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EU response to the conflict in Lebanon

European Commission - MEMO/06/306   08/08/2006

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MEMO/06/306

Brussels, 8 August 2006

EU response to the conflict in Lebanon

Diplomatic efforts:

  • Strong representations to the Israeli authorities on the need for secure humanitarian access and the respect for international humanitarian law by the Commission and Presidency.
  • A ministerial mission to Israel, Gaza and Lebanon immediately following the Rome Conference to underline EU solidarity with the region, and the EU’s active engagement in the search for a political solution.
  • The External Relations Council issued a united call for an immediate cessation of hostilities to be followed by a sustainable ceasefire. Foreign Ministers reiterated their support for UN efforts to find a lasting solution and their commitment to assisting in Lebanon’s reconstruction.
  • A leading role in discussions in the UN Security Council by those EU Member States who are members[1].

Humanitarian aid:

  • Almost €100 million committed and pledged by the Commission and EU Member States.
  • Detailed assessment of humanitarian needs, co-ordination, and monitoring of humanitarian aid delivery by the ECHO office in Beirut.
  • Substantial contributions to assistance efforts for internally displaced people through international organisations, such as OCHA (Office of Coordination of Humanitarian Affairs), ICRC (International Committee of the Red Cross), WFP (Word Food Programme), UN High Commissioner for the Refugees (UNHCR) and WHO (World Health Organisation).
  • Significant in-kind contributions from EU Member States, assessment for further needs and support to co-ordination of in-kind contribution by specialised EU teams from ECHO and the Civil Protection Mechanism deployed to Larnaka and Beirut.
  • Military logistical assistance by EU Member States to secure the transport of humanitarian aid into Lebanon.

Intervention on environmental damages:

  • Activation of the Community Civil Protection Mechanism in response to the requests of the Lebanese authorities for EU assistance (equipment and expertise) in handling the oil spill off the coast of North Beirut and co-ordination of assistance.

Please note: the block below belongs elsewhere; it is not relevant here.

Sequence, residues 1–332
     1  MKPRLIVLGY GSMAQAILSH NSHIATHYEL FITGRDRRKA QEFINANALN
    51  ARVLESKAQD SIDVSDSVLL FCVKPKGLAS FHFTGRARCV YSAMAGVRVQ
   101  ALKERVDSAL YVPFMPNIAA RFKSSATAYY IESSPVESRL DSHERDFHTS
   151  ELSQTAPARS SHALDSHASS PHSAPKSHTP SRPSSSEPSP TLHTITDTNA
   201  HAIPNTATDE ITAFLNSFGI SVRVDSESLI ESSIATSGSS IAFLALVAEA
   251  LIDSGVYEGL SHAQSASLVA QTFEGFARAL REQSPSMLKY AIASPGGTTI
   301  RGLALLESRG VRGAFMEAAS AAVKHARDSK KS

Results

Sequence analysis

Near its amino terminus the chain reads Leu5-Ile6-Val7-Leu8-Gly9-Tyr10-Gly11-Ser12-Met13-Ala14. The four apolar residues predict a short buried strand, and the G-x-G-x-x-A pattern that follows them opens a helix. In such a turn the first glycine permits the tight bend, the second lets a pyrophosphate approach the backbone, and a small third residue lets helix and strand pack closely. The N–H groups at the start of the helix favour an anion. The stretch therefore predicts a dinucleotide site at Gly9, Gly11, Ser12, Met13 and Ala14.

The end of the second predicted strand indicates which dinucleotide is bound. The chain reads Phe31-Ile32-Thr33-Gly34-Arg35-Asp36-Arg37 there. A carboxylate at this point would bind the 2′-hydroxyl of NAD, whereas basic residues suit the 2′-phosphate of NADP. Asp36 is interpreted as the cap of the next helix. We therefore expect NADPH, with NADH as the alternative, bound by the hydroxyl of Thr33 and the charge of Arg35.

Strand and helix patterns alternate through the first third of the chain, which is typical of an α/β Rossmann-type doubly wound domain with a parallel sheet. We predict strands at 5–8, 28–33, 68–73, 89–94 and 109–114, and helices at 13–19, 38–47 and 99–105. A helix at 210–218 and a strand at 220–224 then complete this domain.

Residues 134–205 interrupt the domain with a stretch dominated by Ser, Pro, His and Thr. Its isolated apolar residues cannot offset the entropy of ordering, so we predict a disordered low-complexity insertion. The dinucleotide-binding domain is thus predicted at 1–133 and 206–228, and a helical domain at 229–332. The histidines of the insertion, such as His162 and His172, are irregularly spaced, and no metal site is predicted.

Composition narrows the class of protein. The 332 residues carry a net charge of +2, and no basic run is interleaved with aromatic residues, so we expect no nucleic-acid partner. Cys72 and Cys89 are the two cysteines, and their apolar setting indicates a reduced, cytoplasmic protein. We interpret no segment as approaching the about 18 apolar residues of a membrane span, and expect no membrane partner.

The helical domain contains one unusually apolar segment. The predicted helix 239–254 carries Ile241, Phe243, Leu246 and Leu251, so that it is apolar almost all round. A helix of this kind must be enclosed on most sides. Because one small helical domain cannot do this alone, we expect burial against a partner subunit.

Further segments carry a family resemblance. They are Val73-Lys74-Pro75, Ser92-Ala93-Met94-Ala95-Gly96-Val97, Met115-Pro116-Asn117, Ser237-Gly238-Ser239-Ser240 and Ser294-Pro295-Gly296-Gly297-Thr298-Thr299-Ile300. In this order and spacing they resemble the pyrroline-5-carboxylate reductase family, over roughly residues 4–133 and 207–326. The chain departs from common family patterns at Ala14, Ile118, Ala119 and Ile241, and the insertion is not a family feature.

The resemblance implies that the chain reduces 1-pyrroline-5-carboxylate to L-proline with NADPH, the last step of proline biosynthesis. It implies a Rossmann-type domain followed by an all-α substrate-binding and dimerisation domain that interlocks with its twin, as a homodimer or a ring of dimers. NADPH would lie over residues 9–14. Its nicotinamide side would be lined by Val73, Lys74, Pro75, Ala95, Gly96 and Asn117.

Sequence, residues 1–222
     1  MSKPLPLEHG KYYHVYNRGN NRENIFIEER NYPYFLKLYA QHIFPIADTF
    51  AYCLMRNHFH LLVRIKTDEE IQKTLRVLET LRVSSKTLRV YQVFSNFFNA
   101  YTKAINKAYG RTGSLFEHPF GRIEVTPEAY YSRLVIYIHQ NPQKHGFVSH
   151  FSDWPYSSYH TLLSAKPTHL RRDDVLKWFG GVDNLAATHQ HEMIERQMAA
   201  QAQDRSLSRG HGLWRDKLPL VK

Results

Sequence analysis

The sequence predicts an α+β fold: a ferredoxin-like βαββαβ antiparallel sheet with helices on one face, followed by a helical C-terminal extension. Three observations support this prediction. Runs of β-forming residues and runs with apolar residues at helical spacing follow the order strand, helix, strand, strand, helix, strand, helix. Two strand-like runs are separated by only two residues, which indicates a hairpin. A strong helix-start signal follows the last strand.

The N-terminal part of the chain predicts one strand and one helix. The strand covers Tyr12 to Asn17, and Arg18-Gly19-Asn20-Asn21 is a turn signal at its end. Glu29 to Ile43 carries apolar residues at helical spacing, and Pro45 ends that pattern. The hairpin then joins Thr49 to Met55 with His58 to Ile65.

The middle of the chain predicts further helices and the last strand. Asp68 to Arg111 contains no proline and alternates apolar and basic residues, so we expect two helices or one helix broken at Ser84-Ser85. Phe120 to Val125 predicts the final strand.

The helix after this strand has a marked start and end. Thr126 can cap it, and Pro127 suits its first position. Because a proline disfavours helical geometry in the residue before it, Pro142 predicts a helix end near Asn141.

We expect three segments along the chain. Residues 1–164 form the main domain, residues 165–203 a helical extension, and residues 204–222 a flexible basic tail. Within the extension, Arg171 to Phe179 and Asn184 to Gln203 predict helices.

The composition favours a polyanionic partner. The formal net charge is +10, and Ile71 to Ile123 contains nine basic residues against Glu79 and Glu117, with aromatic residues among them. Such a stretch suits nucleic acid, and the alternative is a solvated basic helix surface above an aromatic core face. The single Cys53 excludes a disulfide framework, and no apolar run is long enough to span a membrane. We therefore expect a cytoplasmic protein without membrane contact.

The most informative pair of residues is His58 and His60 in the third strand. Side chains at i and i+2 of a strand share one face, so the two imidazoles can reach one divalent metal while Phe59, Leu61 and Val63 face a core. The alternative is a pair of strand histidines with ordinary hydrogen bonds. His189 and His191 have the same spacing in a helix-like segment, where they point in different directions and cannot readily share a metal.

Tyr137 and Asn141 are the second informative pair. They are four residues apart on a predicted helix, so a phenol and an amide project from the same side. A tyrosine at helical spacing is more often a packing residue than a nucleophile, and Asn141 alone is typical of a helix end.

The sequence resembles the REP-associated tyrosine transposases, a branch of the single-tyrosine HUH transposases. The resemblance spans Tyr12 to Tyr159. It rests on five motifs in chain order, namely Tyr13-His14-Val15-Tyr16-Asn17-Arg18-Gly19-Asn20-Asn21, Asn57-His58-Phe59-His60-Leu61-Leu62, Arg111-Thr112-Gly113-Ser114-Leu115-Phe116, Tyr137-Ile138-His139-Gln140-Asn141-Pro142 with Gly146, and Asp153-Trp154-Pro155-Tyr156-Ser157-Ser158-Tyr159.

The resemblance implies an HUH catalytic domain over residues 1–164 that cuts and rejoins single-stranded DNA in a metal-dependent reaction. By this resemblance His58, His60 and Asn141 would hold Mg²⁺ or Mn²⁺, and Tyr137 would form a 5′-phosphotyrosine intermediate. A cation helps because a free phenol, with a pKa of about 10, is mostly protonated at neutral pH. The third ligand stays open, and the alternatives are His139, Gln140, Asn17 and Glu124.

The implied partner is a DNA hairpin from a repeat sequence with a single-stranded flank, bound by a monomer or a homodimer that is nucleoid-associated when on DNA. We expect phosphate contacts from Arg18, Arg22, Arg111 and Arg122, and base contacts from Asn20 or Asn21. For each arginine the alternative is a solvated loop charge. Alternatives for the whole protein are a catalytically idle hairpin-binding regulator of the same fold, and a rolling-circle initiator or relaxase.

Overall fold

• Mission of experts to Beirut to discuss and assess interventions with the Ministry of Environment.
  • Evaluation and monitoring of the marine pollution on the basis of detailed satellite images.

Evacuation of EU and third country nationals:

  • Efficient consular co-operation between Member States and EU institutions leading to the orderly evacuation of some 40,000 EU citizens wishing to leave the country.
  • Activation of the Civil Protection Mechanism to help Cyprus deal with the influx of evacuees from Lebanon into Cyprus.
  • Co-operation between the Commission and the International Organisation for Migration with a special allocation of €11 million to assist in the evacuation and repatriation of 10,000 third country nationals.

Political dimension

On 26 July, the Commission, the Presidency and the High Representative participated in the meeting of the Lebanon Core Group in Rome, which brought together several Arab states, EU Member States, the US, the UN Secretary-General and the World Bank. The conference discussed the core elements of a political solution to the crisis: the urgent need for a cease-fire, the immediate requirement for secure humanitarian access, and the conditions for a lasting peace, including the setting up of an international force with an UN mandate.

Immediately afterwards, an EU Troika (Commissioner Benita Ferrero-Waldner, Finnish Foreign Minister Erkki Tuomioja and EUSR Marc Otte) left for Israel, Gaza, and Lebanon to convey a message of solidarity to the populations and to investigate with the authorities the path towards a global solution to the conflict. In Tel Aviv, the Troika pressed for the facilitation of humanitarian aid delivery through the opening of safe humanitarian corridors. In Beirut, the Troika met Prime Minister Siniora and the full Lebanese government, as well as Parliamentary Speaker Nabih Berri to discuss the means of supporting the implementation of the Lebanese government’s seven-point plan for peace. In addition the Troika met representatives of civil society to get a better understanding of the situation on the ground.

On 31 July, EU Foreign Ministers held an extraordinary meeting in Brussels to review the situation in the Middle East and agreed on the key principles for a political settlement of the crisis[2]. They called for an immediate cessation of hostilities to be followed by a sustainable cease-fire. They strongly supported the efforts of the UN to define the political framework for a lasting solution.

They reiterated their willingness to play an important role in the deployment of an international force in South Lebanon and to contribute, together with international partners, to Lebanon’s future reconstruction and reform efforts. In the meantime, High Representative Javier Solana will engage in further diplomatic contacts with all players in the region.

On 4 August, the Commission issued a statement expressing its concern about the worsening access situation for humanitarian aid following Israeli attacks on the main transportation routes.

Five out of the 15 current members of the UN Security Council are EU Member States, working constructively towards an agreement on a UNSC Resolution as the basis for negotiations on a lasting solution.

Humanitarian Aid

In response to the emergency humanitarian needs, ECHO, the Commission's Humanitarian Aid department has committed €20 million in two emergency decisions (on 24 and 26 July 2006), covering shelter and non food items, health, water and sanitation, food, psycho-social support, protection and last but not least, co-ordination. These are being delivered through ECHO’s partners, including UN Agencies, the Red Cross family and NGO partners.